The recent glut of photobook purchases continues…
Charlotte Cotton’s Photography is Magic is something of a departure for me… I have a variety of photobooks: personal projects; documentary stuff; straight photography; art photography; experimental stuff; etc. But Photography is Magic is different… It’s nominally photography, but most of the photographs look like documentary evidence of performance art, like photographs of sculpture, or like purely digital constructions, and I’m not really sure what to make of this book or the work in it, and will have to think some about how it fits into my personal practice…
Charlotte Cotton is one of the champions of contemporary photography and the various guises under which it operates. In her words, “Photography is, and has been since its conception, a fabulously broad church. Contemporary practice demonstrates that the medium can be a prompt, a process, a vehicle, a collective pursuit, and not just the physical end product of solitary artists’ endeavors.”* At worst, Photography is Magic exemplifies this view: the vast majority of the images in the book appear to reproduce art works created with tools that are also used to manipulate photographs (Photoshop, for example), and may take cut-up bits of photographs or start life as a negative or raw file, but the end product more closely resembles painting or sculpture than photography.
It’s all well and good to open up media to new ideas and new modes of working, but I wonder if lumping together Michele Abeles, Anne de Vries, and Sam Falls with, say, Paul Graham, Huger Foote, and Laura Wilson, may do a bit of a disservice to Abeles, de Vries, and Falls by failing to recognize the wide variety of media they employ to create their work. Graham, Foote, and Wilson, however different they might be, all start out with a camera of some sort, and wind up with a print or a book or an exhibition (or all 3); Abeles, de Vries, and Falls might start out with a stack of photographs (or, more likely, a group of digital files) and then cut, slice, layer, and photoshop, then maybe project them onto a canvas and paint the result, or laminate a giant head with a photograph of a head, chop it into bits, and put some audio and video with it and have a whole sculptural installation going.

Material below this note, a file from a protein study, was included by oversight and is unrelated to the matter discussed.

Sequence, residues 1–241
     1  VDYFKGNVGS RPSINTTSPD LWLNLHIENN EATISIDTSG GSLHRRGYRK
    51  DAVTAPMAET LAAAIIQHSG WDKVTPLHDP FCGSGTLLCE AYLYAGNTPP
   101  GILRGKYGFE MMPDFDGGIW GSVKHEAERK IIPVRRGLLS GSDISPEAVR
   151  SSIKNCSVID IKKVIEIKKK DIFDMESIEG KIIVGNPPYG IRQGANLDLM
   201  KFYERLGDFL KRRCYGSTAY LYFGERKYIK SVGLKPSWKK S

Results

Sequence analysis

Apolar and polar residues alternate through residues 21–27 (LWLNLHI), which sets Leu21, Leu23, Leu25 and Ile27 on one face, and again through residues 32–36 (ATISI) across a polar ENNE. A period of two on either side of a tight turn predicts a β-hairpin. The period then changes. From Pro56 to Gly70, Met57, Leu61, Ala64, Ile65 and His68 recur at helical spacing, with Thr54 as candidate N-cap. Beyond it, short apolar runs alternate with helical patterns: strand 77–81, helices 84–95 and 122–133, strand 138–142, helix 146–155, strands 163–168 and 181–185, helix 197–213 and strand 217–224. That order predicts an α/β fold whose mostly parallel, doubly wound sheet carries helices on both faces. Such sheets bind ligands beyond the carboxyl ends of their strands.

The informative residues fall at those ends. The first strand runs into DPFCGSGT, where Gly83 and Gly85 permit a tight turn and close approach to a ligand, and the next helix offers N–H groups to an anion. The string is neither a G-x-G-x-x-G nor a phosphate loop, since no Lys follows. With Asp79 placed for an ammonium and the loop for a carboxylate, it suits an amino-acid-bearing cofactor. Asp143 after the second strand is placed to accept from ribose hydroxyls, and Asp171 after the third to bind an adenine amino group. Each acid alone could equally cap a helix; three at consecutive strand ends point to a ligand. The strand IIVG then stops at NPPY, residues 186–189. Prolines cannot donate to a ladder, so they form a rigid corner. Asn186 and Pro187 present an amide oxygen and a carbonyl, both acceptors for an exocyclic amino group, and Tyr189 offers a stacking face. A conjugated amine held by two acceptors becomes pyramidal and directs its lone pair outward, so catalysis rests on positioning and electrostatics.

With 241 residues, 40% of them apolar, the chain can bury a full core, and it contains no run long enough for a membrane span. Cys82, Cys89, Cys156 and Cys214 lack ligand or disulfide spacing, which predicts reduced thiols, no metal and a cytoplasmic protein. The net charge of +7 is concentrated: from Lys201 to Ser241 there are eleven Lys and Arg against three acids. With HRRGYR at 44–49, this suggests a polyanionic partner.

Maybe I’m too closed-minded, maybe the patriarchy and white supremacy into which I was born and from which I benefit have so colored my thinking that I feel that everything must be forced into tiny, narrow categories. That said, as noted by Cotton, photography is famously broad: there are calotypes, photograms, scratched polaroids, master printed contact prints from 8″x10″ negatives, tintypes, digital projection, even film and video, and so much more. And then there are mug shots, kindergarten portraits, glamour shots, the carney with the crack & peel polaroid (now digital camera and 4×6 printer) at the county fair, the hipster with a leica on the street, and, say, Pete Souza or Dan Winter. I could go on: photography is “a fabulously broad church.” So why lump painting and sculpture and performance and decoupage and and and all together with it? Photographs, in my very narrow view, start out as light that reflects off of some physical stuff in the world, and is captured by a piece of film or silicon. Sometimes, these are later printed out, but mostly, here in the early 21st century, they just shine briefly from a screen somewhere and are soon forgotten.